By Khushboo Jain Tibrewala
The key to good health is a balanced meal it is only possible when you think beyond one nutrient and focus on overall. It is unavoidable that diet has an effect on health. Consuming nutritious foods is important to fuel the body and defend it against oxidative stress and inflammation. Low energy levels, chronic diseases, and significant health concerns can all result from a diet that is deficient in certain nutrients. It is simpler to have a healthy, balanced lifestyle if you are aware of the various types of nutrients present in foods, how they affect your body, and how to include them in your diet.
You may categorize the nutrients your body needs into two categories: macronutrients and micronutrients. These nutrients help your body support growth and development and control bodily functions.
Macronutrients are nutrients that the body needs in larger quantities through the diet. Hence “macro” in the word itself. These are carbohydrates, proteins and fats. Micronutrients are required in much smaller quantities. This group includes all the vitamins and minerals that diet can provide.
You must consume the whole spectrum of nutrients in your meals in order to live a long, disease-free life. The most essential nutrient is not one specific one. There are some nutrients, though, that require additional discussion. They have incredibly important functions in our bodies, but owing to ignorance, they are frequently left out of diets and testing levels.
For instance, when we talk about macronutrients, we cannot sustain by having just protein ignoring carbs and fats and vice versa. The food ingredients your body requires to maintain its systems and structures are found in macronutrients. You should not substantially restrict or eliminate any of the three macronutrients because you need them all as part of a balanced diet.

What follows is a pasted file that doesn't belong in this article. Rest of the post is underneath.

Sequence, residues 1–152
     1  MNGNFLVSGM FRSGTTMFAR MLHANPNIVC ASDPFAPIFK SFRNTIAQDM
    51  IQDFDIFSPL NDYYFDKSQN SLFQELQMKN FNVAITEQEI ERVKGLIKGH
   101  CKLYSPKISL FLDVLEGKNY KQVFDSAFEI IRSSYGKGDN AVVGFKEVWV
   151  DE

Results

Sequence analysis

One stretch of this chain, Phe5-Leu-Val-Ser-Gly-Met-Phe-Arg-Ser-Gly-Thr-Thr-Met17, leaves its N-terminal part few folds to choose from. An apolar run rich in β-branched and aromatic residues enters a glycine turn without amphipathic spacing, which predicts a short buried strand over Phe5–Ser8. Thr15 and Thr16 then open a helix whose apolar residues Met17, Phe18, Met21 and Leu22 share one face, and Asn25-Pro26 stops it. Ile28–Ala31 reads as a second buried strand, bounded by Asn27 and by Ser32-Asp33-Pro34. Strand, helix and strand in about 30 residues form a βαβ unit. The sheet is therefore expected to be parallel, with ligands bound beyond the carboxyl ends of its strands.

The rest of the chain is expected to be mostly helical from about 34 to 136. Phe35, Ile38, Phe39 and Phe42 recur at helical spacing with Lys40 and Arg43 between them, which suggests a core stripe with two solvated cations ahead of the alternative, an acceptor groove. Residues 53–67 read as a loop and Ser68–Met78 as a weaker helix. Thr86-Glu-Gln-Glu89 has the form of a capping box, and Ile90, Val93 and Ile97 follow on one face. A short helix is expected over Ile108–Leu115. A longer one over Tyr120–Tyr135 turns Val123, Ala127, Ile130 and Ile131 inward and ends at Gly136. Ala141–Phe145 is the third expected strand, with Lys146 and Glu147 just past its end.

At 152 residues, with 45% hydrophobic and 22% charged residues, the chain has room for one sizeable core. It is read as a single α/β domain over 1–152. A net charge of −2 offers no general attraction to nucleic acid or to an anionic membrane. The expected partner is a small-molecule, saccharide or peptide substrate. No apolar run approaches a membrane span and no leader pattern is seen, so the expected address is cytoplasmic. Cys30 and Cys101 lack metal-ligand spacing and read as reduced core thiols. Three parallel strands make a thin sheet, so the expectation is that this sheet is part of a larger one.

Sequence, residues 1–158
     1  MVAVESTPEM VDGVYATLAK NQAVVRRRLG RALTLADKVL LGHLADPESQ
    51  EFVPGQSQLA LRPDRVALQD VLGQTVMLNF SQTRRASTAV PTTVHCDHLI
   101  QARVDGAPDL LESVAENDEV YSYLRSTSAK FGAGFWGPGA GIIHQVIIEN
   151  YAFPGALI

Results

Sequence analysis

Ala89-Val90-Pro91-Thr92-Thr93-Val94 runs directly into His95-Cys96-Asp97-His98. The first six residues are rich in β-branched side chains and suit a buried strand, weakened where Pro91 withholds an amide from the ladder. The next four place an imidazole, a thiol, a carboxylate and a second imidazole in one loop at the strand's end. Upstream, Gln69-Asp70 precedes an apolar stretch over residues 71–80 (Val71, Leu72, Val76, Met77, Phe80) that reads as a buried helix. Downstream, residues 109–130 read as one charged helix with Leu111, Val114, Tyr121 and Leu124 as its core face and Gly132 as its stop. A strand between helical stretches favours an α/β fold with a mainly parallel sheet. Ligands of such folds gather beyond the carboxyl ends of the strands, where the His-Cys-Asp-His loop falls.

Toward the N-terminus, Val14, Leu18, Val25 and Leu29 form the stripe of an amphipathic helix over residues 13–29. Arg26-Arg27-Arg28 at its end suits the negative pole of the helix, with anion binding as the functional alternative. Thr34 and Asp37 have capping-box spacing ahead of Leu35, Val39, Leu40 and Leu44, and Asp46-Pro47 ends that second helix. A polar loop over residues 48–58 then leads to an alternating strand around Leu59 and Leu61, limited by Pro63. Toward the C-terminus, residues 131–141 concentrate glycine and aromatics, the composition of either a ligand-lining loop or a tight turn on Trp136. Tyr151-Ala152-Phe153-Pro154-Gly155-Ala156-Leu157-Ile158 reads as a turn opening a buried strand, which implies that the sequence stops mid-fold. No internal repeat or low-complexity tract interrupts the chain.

Food sources that are high in macronutrients: Plant sources- Beans, lentils, seeds, whole grains, etc. We frequently discuss calcium, iron, folic acid, vitamin B12, vitamin D, and vitamin C when discussing micronutrients. But there are a lot more that get little to no attention in our diet-related discussions. It’s astonishing how little we understand a trace mineral with such a significant role, like selenium.
The most potent antioxidant in our bodies, glutathione peroxidase, needs selenium to function. This guards you against a wide range of illnesses, lessens skin damage brought on by aging, and controls body obesity. Additionally, it is necessary for thyroid hormones to be produced at their best. Selenium insufficiency is linked to dyslipidemia, hypothyroidism, and particularly autoimmune thyroiditis like Hashimoto’s.
Food sources high in micronutrients: Avocados, potatoes, eggs, melon, spinach, kale, nuts, beans, lentils, grains like quinoa and oats, fish, chicken and lamb.
There are several foods that serve both macronutrient and micronutrient purposes. Your body will work at its best if you incorporate these foods into your diet. Other than oxygen and water your body only food to carry on day-to-day activities. The higher the input quality, the better your body will be able to operate and function.
(The author is a Nutritionist, Diabetes Educator at Fast&Up. Views expressed are personal and do not reflect the official position or policy of FinancialExpress.com.)